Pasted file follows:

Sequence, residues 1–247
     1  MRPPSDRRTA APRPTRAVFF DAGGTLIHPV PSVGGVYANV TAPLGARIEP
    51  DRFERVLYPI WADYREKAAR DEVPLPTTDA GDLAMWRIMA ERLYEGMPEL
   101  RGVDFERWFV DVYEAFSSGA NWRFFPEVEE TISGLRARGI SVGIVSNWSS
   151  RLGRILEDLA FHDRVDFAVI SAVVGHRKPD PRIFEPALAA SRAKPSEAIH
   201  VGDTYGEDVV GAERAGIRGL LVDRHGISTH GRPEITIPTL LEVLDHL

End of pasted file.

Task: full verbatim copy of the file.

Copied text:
Sequence, residues 1–247
     1  MRPPSDRRTA APRPTRAVFF DAGGTLIHPV PSVGGVYANV TAPLGARIEP
    51  DRFERVLYPI WADYREKAAR DEVPLPTTDA GDLAMWRIMA ERLYEGMPEL
   101  RGVDFERWFV DVYEAFSSGA NWRFFPEVEE TISGLRARGI SVGIVSNWSS
   151  RLGRILEDLA FHDRVDFAVI SAVVGHRKPD PRIFEPALAA SRAKPSEAIH
   201  VGDTYGEDVV GAERAGIRGL LVDRHGISTH GRPEITIPTL LEVLDHL